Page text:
Wireless, Wearable NFC Enabled Power and Communication for Chronic Interfacing with Battery-Free Implants

Case ID:

This device will allow for long-term, secure, and reliable data collection from implantable biosensors in a simplified manner. An intended patient simply dons this device, and it will collect and transmit data indefinitely with no further interaction. This technology introduces a wireless, wearable, near-field communications (NFC)-capable device which can energize and control fully implantable, battery-free electronics. This device is embedded in a low cost, custom fitted, 3D-printed wearable mesh to ensure 24/7 communication with a target implant over periods of weeks to months. Onboard Bluetooth Low Energy and NFC capabilities enable secure, encrypted collection and transmission of biometric data. Relative to traditional battery-powered implants, our system supports higher sampling rates and complex implants with increased power demands, as there is no need for invasive surgery to replace a dead battery.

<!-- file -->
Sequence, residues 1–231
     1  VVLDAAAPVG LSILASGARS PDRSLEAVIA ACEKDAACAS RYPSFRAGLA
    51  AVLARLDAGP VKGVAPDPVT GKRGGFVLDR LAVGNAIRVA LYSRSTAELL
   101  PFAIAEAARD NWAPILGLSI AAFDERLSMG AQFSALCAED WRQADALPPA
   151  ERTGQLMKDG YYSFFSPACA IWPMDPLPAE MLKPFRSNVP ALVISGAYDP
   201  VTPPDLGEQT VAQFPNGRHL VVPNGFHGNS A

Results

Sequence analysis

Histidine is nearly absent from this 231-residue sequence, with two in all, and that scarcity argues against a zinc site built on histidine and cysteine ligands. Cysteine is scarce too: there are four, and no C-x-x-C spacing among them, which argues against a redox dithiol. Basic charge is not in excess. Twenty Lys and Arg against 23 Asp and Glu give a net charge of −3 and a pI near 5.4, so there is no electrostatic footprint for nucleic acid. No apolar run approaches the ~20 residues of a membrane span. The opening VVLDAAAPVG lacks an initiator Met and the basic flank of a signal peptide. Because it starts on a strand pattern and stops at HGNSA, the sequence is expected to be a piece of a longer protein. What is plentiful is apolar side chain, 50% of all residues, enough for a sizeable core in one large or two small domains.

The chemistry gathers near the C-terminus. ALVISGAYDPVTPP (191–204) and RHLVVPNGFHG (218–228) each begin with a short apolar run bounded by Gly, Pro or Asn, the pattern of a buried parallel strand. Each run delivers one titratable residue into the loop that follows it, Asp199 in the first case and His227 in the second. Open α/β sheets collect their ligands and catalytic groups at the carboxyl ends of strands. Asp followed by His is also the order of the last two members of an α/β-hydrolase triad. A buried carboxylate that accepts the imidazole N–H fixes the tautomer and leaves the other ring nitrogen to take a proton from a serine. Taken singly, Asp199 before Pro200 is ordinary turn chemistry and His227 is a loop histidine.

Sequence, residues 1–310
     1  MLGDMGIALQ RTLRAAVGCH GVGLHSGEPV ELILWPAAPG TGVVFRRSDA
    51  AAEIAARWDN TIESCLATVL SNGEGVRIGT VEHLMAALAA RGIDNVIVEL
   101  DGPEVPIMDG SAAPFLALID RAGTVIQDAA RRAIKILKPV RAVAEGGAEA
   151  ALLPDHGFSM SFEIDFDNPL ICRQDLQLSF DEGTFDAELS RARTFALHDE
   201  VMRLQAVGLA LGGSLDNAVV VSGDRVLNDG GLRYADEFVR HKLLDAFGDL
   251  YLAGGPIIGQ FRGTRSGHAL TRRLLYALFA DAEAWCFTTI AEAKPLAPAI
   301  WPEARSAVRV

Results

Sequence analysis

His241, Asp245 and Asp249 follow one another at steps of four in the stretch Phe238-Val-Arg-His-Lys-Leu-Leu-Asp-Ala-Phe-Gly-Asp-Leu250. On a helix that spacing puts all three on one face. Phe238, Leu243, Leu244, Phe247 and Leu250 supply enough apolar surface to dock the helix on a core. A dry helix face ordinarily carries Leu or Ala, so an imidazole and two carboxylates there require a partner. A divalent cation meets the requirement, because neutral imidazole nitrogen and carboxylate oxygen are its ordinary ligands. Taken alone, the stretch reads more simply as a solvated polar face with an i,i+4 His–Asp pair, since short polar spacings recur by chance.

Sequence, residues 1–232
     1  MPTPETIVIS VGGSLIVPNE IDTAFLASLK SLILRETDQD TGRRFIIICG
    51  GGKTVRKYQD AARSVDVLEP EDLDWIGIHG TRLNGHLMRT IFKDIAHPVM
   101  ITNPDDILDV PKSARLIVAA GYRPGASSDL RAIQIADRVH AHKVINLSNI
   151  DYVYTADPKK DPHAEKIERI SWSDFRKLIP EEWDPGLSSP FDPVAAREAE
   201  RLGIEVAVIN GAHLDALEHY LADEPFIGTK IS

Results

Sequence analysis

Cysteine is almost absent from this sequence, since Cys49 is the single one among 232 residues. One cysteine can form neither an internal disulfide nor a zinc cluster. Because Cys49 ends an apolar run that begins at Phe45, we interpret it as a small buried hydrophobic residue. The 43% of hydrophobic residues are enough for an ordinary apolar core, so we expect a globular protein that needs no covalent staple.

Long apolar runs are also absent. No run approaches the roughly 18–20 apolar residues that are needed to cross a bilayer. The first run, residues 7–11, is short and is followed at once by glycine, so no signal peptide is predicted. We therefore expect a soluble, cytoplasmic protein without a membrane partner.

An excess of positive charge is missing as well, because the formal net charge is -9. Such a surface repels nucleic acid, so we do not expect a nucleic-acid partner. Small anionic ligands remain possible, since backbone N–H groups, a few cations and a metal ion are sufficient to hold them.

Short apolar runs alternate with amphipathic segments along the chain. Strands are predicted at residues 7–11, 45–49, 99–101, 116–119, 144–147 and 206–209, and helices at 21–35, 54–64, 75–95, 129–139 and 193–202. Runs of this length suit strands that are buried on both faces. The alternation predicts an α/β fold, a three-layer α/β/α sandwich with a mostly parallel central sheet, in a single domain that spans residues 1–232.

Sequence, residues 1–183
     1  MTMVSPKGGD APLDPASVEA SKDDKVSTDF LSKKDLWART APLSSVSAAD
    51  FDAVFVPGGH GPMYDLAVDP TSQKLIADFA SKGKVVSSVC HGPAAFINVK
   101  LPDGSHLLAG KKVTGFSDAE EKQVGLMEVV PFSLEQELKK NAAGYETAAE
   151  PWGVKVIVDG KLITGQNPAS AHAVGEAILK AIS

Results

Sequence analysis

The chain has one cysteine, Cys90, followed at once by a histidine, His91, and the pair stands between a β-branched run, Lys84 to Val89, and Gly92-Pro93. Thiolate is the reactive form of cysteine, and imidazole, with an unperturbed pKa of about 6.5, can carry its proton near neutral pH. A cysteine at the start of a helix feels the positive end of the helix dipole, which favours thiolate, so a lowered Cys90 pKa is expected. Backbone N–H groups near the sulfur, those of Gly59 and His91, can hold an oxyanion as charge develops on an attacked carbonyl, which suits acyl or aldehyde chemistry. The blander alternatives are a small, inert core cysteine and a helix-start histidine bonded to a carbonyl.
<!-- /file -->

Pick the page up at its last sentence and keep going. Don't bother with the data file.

Implantable devices represent the future of remote medical monitoring and administration of both chemical and physical therapies to the patients. Although some of these devices are already in the market, the security mechanisms deployed inside them to withstand deliberate external influence are still decades away from the robust digital data security schemes employed in modern distributed networks these days. Medical data theft, spoofing, and disclosure pose serious threats that can ultimately lead to individual and social stigmas or even death. Along with that, the need to constantly replace batteries for these implantable devices may cause serious harm to those that constantly need surgery. Lastly, it could cause death if the battery fails or if it is not replaced in time.


  • Implantable medical devices
  • Data monitoring within medical devices


  • Wireless charging
  • No maintenance with battery
  • Data can be sent to doctors for monitoring
  • Reliable
Patent Information:
Contact For More Information:
Tariq Ahmed
Sr Licensing Manager, College of Engineering
The University of Arizona
Lead Inventor(s):
Philipp Gutruf
Kevin Kasper